Now that I feel committed to veganism, I find I have moments when I feel like I’m moving among people who are frozen in time. I’ve standing in front of them, telling them how veganism has changed my life for the better, I’m showing them videos that explicitly show the horrors of factory farming, I’m sharing articles and websites with ideas and information that seem irrefutable. I’m admittedly enthusiastic, but I’m trying to be positive and gently encouraging. Yet they remain frozen, and I wonder, how are they not compelled? Why does it seem like they don’t care? In resignation, I move about my business. They wake up, sort of, but they’re still asleep, eating bacon, burgers and cheese, as if I hadn’t been there at all. Am I invisible? Can anyone hear me?
I remind myself that my awareness of the atrocities that happen to animals has been increasing for several years, and it took time and reflection for me to arrive at the obvious conclusion: I had to stop being complicit, the way I eat needed to reflect my values. I remind myself that perhaps something I’ve shared is being absorbed, and it needs time. After all, one doesn’t plant a seed, and instantaneously have a tomato plant heavy with ripened fruit. Maybe I’ve planted a seed that will germinate and grow, but maybe I’ve planted a seed in infertile soil, or maybe my technique is wrong, and nothing will take root. When I’m ignored, dismissed, challenged, or mocked, by default, the animals I’m trying to represent are ignored, dismissed, challenged, or mocked. I don’t want to fail them. I could never have anticipated the elation and clarity that veganism has brought to me, mixed with disheartening defeat that everywhere I turn, it seems people don’t care. It is an unlikely and disorienting combination of emotions.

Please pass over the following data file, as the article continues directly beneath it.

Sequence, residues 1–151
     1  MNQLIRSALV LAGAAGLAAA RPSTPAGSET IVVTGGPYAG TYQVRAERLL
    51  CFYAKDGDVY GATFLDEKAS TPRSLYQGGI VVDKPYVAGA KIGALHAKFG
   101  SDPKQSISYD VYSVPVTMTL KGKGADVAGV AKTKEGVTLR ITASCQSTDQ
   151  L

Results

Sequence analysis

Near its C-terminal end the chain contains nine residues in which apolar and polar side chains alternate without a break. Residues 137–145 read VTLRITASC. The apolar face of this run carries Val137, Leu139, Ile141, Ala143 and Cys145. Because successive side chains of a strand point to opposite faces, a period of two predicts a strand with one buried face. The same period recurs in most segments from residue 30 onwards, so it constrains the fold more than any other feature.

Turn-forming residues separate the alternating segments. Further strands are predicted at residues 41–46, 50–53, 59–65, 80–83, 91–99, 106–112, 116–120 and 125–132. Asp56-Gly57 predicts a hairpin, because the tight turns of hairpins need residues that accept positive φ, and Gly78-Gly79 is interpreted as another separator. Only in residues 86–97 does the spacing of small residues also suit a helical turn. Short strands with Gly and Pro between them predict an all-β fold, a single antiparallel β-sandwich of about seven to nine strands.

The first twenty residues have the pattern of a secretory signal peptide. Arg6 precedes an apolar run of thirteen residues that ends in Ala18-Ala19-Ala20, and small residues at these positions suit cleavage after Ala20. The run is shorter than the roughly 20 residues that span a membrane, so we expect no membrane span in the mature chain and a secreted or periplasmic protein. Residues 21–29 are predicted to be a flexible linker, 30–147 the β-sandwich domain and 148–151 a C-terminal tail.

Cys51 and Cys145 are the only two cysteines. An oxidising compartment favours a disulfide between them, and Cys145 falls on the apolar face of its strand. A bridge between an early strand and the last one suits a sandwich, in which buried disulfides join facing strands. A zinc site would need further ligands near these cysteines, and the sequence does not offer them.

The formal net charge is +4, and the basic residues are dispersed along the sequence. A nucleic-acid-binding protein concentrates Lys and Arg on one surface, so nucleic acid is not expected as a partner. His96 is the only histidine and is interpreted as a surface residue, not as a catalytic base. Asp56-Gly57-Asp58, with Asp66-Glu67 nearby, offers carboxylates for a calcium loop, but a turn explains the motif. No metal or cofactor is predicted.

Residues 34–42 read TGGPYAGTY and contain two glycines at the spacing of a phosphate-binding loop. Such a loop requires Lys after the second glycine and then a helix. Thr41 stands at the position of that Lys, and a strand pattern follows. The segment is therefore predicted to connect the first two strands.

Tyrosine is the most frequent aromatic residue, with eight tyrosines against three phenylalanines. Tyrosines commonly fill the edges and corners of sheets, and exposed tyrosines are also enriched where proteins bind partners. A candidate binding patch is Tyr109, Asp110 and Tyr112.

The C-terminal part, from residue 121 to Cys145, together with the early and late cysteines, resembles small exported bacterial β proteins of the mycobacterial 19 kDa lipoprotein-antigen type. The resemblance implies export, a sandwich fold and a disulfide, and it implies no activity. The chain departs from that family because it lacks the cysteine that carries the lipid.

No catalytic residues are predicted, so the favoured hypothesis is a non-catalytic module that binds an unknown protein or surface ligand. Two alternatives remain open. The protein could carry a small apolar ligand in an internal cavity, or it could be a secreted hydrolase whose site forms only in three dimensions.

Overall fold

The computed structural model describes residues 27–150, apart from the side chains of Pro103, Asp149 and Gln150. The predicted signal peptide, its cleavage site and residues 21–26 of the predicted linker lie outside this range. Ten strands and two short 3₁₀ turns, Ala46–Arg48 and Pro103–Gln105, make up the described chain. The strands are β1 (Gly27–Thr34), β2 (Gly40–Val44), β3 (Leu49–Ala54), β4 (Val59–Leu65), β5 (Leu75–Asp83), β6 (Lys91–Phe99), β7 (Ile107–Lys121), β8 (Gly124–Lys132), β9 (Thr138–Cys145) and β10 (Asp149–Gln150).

A couple of days ago, I caught a discussion on Facebook about an article that said sugar contributes to high cholesterol. The responses to the posted article amounted to a chorus of friends and friends of friends singing the praises of eggs. I tried to gently suggest that regardless of health benefit or cost of eating eggs, there are other implications for eating eggs that are worth considering, including public health issues, environmental costs, and of course, the despicable treatment of egg-laying chickens who suffer immensely. Let’s just say my comments weren’t well-received, and seemed to be misconstrued. Then, as if my comments were irrelevant, someone contributed a comment about the supposed merits of eggs and liver. Liver.
I was surprised at how taken aback I was. I would have been just as offended if that person said they barbecue golden retrievers over an open fire, and everyone chimed in about how delicious barbecued dog is. At its essence, it would be no different from how the consumption of a cow’s liver was enthusiastically promoted. It felt so surreal to have this clear notion of how barbaric his comment was, and yet, no one saw it. At that point, I was done. I was so upset by the liver comment, and the defensive responses to my comments that I left the discussion, sorry I even tried.
I’m new to this. I want to reach people. I want to change the world. I want to save the animals and the planet. I don’t have kids, but I want to make the world a better, less violent place for other people’s kids. It’s hard in the face of opposition, hostility, ambivalence, and silence though. It’s hard to inspire people who are unwilling to change, who close their eyes and tune me out, who are stuck. It’s hard to compel them to move.